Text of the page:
May 20, 2013
Among America's biggest health care challenges is the number of people without health insurance. In 2011, 49 million Americans were uninsured. The U.S. Census Bureau figures this is 16% of everyone in the country.
Under the new health care law known as the Affordable Care Act, steps were taken to make sure all U.S. citizens and legal residents have coverage to help them stay healthy and get better when they're sick or hurt.
The "individual mandate" is one is one of those steps. It requires nearly everyone to have health insurance starting January 1, 2014.
Starting in October 2013, you'll see new online shopping sites going live. These websites are called health insurance exchanges (or health insurance marketplaces) and are being created to make comparing and buying health insurance easier, cheaper, and more convenient.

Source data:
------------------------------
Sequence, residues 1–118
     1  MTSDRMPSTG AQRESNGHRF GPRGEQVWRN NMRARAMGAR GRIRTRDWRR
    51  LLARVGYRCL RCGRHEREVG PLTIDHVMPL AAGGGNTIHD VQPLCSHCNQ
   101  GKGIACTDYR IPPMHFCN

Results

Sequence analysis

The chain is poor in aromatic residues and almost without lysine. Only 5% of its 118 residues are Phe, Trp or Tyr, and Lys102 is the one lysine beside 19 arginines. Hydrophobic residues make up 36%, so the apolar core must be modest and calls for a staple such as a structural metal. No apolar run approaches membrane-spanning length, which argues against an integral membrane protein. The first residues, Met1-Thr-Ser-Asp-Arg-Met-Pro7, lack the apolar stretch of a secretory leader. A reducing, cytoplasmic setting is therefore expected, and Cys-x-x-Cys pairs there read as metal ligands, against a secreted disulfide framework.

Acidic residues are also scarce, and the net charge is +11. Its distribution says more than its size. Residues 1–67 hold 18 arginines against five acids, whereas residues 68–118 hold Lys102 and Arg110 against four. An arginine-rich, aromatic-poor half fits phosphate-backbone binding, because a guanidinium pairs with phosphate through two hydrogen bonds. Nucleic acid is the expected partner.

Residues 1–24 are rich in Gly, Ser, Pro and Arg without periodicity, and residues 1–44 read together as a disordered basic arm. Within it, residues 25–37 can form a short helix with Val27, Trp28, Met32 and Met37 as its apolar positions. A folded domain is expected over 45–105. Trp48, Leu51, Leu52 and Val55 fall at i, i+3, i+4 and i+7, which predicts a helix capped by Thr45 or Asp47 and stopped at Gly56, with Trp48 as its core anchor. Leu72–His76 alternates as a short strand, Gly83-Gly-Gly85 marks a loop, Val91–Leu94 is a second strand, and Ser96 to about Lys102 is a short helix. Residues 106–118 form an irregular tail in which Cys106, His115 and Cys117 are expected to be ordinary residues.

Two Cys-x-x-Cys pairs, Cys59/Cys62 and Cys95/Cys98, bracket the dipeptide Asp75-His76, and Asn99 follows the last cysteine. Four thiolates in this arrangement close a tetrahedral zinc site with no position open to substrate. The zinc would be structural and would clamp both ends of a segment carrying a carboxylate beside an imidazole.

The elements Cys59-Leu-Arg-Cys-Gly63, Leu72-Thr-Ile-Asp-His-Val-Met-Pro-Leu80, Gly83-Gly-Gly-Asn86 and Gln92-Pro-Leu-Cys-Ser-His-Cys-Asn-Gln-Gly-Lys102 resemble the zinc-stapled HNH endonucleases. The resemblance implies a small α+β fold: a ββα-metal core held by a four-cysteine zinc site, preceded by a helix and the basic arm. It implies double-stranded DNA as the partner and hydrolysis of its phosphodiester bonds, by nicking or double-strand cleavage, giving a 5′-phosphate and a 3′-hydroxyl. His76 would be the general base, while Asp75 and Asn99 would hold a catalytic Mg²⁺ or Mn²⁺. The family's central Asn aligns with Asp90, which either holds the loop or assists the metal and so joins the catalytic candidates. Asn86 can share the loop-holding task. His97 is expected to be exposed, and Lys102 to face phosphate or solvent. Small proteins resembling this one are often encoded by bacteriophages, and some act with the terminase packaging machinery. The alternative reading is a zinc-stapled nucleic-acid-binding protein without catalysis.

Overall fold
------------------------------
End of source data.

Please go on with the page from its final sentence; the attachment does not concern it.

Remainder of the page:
And because health plans will cover everyone, all Americans will be able to find coverage through these exchanges — even sick people who sometimes couldn't be insured before the health care law.
You'll probably meet the individual mandate requirement without doing anything if you:
If you're uninsured right now and not exempt from the individual mandate, you'll need to get insurance.
When you file your federal tax return each year, you'll be asked to for proof of health insurance. If you don't have coverage, you'll pay a penalty that increases every year. For 2014 the penalty will be $95 or 1% of your income, whichever is higher.
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